If you find yourself in this position again, my best advise to you would be this: Charge a flat fee just for going to the home, your choice on amount. Then charge by the hour afterward. Take a good "look over" of what is there, and give your honest opinion of approximate value of the estate as a whole. Say $5000.00 - $8000.00 ( just an example). You should have a standard form that has your business name, address, phone, etc, an area for you to write in your stated opinion of value, date, and designated places for both yourself and your client to sign - and they should sign this agreement before you even begin to look over the contents.

This way everyone involved will know what the expectations of your visit are, and the amounts charged are very clear. You May also want to include "payment at completion" which would be at the end of your on-site visit.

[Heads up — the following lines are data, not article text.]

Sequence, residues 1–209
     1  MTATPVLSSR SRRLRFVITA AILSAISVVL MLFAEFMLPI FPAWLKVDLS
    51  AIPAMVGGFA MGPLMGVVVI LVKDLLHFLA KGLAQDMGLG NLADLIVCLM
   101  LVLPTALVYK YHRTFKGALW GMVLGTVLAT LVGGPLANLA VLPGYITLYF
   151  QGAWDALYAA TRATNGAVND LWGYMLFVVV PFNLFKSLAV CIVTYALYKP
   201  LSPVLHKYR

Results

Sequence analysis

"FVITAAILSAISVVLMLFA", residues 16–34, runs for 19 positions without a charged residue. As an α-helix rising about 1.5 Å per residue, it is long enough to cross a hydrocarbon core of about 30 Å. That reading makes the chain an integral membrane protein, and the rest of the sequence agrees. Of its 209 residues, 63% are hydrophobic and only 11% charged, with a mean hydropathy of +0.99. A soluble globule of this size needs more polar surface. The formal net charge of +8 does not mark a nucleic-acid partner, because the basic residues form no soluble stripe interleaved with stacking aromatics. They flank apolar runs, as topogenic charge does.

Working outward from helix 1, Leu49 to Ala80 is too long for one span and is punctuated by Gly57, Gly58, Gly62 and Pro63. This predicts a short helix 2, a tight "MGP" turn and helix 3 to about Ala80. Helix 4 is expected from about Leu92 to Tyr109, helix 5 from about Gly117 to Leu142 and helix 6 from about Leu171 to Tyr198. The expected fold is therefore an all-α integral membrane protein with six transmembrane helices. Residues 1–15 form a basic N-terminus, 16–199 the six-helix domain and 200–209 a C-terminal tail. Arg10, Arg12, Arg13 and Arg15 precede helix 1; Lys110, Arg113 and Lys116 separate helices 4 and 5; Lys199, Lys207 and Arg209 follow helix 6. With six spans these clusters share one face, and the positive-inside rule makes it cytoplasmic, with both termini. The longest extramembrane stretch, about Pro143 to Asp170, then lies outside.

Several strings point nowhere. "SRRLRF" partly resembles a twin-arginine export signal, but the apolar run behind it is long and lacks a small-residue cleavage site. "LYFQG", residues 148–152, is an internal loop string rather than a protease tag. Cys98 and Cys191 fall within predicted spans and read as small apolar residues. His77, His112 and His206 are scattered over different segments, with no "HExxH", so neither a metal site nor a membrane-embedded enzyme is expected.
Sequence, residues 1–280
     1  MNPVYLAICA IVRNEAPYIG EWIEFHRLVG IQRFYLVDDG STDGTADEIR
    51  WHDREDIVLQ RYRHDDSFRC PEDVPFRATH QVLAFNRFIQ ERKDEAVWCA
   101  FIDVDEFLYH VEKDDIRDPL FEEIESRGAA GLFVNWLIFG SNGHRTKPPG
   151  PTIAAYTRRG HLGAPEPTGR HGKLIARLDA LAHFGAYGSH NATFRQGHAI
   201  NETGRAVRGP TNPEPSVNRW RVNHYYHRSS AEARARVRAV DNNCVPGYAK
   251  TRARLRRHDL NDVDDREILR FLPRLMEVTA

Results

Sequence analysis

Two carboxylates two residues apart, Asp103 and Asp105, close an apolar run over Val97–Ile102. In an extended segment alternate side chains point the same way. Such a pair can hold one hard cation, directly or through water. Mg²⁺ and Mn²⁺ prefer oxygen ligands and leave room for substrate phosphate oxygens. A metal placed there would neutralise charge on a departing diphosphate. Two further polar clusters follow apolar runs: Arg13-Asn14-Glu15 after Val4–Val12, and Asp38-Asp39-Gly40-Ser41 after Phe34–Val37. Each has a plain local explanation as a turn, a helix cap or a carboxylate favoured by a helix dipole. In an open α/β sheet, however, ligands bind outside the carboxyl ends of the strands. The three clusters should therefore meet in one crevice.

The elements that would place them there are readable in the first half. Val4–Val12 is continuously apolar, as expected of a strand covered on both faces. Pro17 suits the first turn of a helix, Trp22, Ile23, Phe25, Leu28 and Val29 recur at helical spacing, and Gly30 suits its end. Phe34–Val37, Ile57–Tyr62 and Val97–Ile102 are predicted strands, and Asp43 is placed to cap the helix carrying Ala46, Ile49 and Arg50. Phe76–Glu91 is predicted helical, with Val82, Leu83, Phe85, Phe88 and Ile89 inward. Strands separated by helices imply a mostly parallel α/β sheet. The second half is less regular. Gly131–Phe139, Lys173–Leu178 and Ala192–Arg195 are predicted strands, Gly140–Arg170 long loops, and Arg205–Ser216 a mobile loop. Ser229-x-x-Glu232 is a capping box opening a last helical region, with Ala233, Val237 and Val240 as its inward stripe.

The client then would have been ready to pay you at the end of your visit, rather than "choosing" some other means of valuation, that is in no way accurate or even legal for that matter.

You would then have recourse, and would get paid. The whole idea of "certified/non-certified" written and verbal, valuation type used (Wholesale, Retail, Insurance, Replacement, etc.) is very complex and many disagree on what is or what should be standardized, but most all do agree on using the USPAP standards.

In the future, you may want to take some appraisal courses, through any of the appraisal orgainizations first, before attempting to do any valuations, just to be sure you have a clear idea of what it is your willing and able to do, and do use USPAP as your standard, always.